A coroner has recorded a verdict of accidental death on an Oxford University professor who suffered a heart attack after being restrained in a headlock by a fellow academic.
An inquest at Oxford Coroner's Court heard that Steven Rawlings, an internationally-acclaimed astrophysicist, was suffering from mental health problems when he attacked one of his closest friends, Dr Devinderjit Sivia.
Dr Sivia, a maths lecturer at St John's College, Oxford, told the inquest how he feared for his life as Mr Rawlings punched and kicked him "like a man possessed" after becoming delusional and paranoid. Giving evidence from the witness box, Dr Sivia also described how he sent an email to Mr Rawlings' wife - who was on a training course in the United States - in the minutes after the tragedy, informing her that he had killed her husband.
Professor Rawlings, who had been friends with Dr Sivia since they were students at Cambridge University, attacked him at his home in Southmoor, Oxfordshire, on the evening of January 11 this year. Dr Sivia, who had co-authored a number of books on statistical analysis with Mr Rawlings, told the inquest he was attacked in his lounge as his friend "oscillated between fantasy and reality".
Dr Sivia, who had suffered from depression prior to the fatal incident, said: "All of a sudden he took up a statuesque pose with a look in his eyes that I had never seen before. He sat bolt upright with his fists closed and a menacing look in his eyes. Then he said quietly 'I am going to kill you'. He was no more than a metre or so from me. After he had punched me in the face, he stood back, looked at me and then punched me again."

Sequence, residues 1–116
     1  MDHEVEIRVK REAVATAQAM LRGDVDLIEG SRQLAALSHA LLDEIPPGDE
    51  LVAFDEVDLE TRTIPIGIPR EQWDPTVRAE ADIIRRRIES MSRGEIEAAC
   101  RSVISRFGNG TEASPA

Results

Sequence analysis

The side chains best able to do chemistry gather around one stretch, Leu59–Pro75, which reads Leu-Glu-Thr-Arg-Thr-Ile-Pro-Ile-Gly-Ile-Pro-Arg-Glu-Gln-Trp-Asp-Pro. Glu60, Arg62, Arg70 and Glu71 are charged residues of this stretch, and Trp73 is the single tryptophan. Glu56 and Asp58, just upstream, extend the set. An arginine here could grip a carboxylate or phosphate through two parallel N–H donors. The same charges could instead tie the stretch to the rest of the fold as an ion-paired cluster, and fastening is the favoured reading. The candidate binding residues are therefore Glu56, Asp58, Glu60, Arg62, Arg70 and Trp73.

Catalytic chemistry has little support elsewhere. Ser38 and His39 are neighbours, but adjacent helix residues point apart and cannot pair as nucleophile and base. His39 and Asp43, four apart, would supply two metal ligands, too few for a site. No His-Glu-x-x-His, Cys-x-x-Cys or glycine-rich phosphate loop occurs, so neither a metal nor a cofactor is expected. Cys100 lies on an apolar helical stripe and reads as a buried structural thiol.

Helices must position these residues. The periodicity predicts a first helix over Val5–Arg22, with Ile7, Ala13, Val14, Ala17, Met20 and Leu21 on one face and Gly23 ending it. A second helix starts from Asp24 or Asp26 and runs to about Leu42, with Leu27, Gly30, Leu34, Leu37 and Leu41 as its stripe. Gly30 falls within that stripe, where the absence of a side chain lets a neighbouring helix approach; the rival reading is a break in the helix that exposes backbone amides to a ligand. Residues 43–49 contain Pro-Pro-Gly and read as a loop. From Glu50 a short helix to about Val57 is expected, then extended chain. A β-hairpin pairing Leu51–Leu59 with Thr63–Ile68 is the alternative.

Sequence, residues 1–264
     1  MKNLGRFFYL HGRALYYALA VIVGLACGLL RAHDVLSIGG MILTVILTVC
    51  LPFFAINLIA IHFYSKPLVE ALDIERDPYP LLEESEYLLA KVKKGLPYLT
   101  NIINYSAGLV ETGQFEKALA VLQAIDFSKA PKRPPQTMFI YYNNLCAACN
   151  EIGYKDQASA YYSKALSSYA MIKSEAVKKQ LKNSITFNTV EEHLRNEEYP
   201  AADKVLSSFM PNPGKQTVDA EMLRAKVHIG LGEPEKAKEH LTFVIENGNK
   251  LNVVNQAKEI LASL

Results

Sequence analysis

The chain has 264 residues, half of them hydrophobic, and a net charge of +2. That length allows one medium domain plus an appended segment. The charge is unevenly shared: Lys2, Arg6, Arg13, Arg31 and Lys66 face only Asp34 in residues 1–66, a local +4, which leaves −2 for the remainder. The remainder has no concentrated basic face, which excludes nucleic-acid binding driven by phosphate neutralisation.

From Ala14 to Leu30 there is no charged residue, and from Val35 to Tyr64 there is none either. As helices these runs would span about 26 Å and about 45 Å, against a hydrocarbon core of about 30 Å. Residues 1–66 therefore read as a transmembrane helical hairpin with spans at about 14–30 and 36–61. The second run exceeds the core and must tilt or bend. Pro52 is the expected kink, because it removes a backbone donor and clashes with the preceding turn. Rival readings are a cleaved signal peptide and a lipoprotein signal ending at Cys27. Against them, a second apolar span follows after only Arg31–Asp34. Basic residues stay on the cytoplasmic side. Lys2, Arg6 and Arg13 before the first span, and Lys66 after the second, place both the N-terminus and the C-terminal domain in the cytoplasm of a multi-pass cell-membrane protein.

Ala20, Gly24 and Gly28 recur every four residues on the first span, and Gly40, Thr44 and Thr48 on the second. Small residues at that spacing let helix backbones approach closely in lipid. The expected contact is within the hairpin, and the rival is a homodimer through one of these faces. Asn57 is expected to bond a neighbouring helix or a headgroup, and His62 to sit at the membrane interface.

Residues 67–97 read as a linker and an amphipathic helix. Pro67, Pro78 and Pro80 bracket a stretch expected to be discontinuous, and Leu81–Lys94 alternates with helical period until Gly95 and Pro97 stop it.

Dr Sivia, whose account of the incident was corroborated by medical evidence as well as testimony from witnesses, added: "I repeatedly pleaded with him to stop, to come back to reality and to remember that I was his friend. I knew his behaviour was purely a result of his psychosis."
After being kicked while on the ground, Dr Sivia, aged 49, lurched towards Mr Rawlings and put his arms around his torso in an attempt to keep him still. During the period of restraint, the inquest heard, Dr Sivia felt he could not risk releasing his hold on Professor Rawlings, who he feared was pretending to be dead.
Dr Sivia, who lost his turban in the struggle, told the Oxfordshire Coroner, Darren Salter, that Mr Rawlings had gone limp and he had heard a thud as his friend's left arm and legs fell to the floor. Just before his apparent collapse, Mr Rawlings, who was said to be stressed about a grant application in the days leading up to his death, said "Goodbye Cruel World" in what Dr Sivia took to be a quote from a song by rock band Pink Floyd.
Dr Sivia, who was told that he did not have to answer questions which could incriminate him, told the inquest: "The thought did go through my mind - is he dead? I thought it might be a ploy for me to release him."
A neighbour, police and paramedics all tried to resuscitate Professor Rawlings, a well-liked and widely respected fellow of St Peter's College, and Dr Sivia was arrested on suspicion of murder at the scene, but was later freed without charge.